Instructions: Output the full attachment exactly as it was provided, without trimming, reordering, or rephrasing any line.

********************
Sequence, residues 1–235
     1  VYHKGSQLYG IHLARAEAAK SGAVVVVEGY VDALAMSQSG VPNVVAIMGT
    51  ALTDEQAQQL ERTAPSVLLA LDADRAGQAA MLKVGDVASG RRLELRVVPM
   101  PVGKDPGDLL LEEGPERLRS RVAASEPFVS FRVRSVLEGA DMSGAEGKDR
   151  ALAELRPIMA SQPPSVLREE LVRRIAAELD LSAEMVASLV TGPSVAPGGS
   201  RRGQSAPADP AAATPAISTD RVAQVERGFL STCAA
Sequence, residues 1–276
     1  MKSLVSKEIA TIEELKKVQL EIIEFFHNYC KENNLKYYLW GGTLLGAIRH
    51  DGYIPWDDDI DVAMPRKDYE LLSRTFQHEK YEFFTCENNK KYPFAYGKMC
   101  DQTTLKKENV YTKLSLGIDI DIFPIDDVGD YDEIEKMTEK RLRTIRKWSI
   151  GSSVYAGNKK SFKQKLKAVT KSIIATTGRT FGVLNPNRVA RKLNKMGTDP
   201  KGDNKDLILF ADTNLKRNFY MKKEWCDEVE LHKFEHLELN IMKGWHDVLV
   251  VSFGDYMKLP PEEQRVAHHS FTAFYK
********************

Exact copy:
Sequence, residues 1–235
     1  VYHKGSQLYG IHLARAEAAK SGAVVVVEGY VDALAMSQSG VPNVVAIMGT
    51  ALTDEQAQQL ERTAPSVLLA LDADRAGQAA MLKVGDVASG RRLELRVVPM
   101  PVGKDPGDLL LEEGPERLRS RVAASEPFVS FRVRSVLEGA DMSGAEGKDR
   151  ALAELRPIMA SQPPSVLREE LVRRIAAELD LSAEMVASLV TGPSVAPGGS
   201  RRGQSAPADP AAATPAISTD RVAQVERGFL STCAA
Sequence, residues 1–276
     1  MKSLVSKEIA TIEELKKVQL EIIEFFHNYC KENNLKYYLW GGTLLGAIRH
    51  DGYIPWDDDI DVAMPRKDYE LLSRTFQHEK YEFFTCENNK KYPFAYGKMC
   101  DQTTLKKENV YTKLSLGIDI DIFPIDDVGD YDEIEKMTEK RLRTIRKWSI
   151  GSSVYAGNKK SFKQKLKAVT KSIIATTGRT FGVLNPNRVA RKLNKMGTDP
   201  KGDNKDLILF ADTNLKRNFY MKKEWCDEVE LHKFEHLELN IMKGWHDVLV
   251  VSFGDYMKLP PEEQRVAHHS FTAFYK